This article does not cite any sources. (December 2009) (Learn how and when to remove this template message)
Points per game, often abbreviated PPG, is the average number of points scored by a player per game played in a sport, over the course of a series of games, a whole season, or a career. It is calculated by dividing the total number of points by number of games. The terminology is often used in basketball and ice hockey. For description of sports points see points for ice hockey or points for basketball.
In games divided into fixed time periods, especially those in which a player may exit and re-enter the game multiple or an unlimited number of times, a player may receive the same credit (in this context, a liability) for participation in a game regardless of how long (i.e., for what portion of the game clock's elapsing) s/he was actually on the field or court. For this reason, the points-per-game statistic may understate the contribution of players who are highly effective but used only in certain specific "pinch" or "clutch" scenarios, such that a points-per-unit-time figure (e.g., "points per 48 minutes" in the case of professional basketball) may better represent their effectiveness within the context in which a coach or manager plays them. Although the points-per-game statistic has the advantage of factoring in the breadth of scenarios in which the player is effective, in that a player effective in many different scenarios will play more minutes per game and therefore contribute more to the team's overall performance, it still fails to distinguish between an ineffective player, an effective "pinch"/"clutch" offensive player, and a player assuming a primarily defensive role in a position whose title does not necessarily make the nature of his/her role obvious (e.g., basketball forward and star rebounder Dennis Rodman).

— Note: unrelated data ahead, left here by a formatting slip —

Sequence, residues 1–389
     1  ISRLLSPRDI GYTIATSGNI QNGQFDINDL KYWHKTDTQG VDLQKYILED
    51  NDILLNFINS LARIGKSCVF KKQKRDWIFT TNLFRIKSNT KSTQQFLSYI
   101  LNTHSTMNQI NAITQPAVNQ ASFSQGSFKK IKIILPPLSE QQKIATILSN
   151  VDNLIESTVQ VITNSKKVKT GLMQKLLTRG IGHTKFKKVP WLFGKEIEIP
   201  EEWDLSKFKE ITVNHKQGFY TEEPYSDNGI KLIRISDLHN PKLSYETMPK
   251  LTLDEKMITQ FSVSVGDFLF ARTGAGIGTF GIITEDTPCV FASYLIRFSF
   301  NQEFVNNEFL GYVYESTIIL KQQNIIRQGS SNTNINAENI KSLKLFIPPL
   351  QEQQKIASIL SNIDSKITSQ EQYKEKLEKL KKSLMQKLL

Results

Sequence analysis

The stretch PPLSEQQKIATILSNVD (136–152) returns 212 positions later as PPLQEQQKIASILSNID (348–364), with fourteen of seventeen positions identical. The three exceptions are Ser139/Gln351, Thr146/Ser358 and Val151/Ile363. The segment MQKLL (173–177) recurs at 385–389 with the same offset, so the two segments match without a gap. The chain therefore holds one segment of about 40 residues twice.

|This basketball-related article is a stub. You can help Wikipedia by expanding it.|
None of the audio/visual content is hosted on this site. All media is embedded from other sites such as GoogleVideo, Wikipedia, YouTube etc. Therefore, this site has no control over the copyright issues of the streaming media.
All issues concerning copyright violations should be aimed at the sites hosting the material. This site does not host any of the streaming media and the owner has not uploaded any of the material to the video hosting servers. Anyone can find the same content on Google Video or YouTube by themselves.
The owner of this site cannot know which documentaries are in public domain, which has been uploaded to e.g. YouTube by the owner and which has been uploaded without permission. The copyright owner must contact the source if he wants his material off the Internet completely.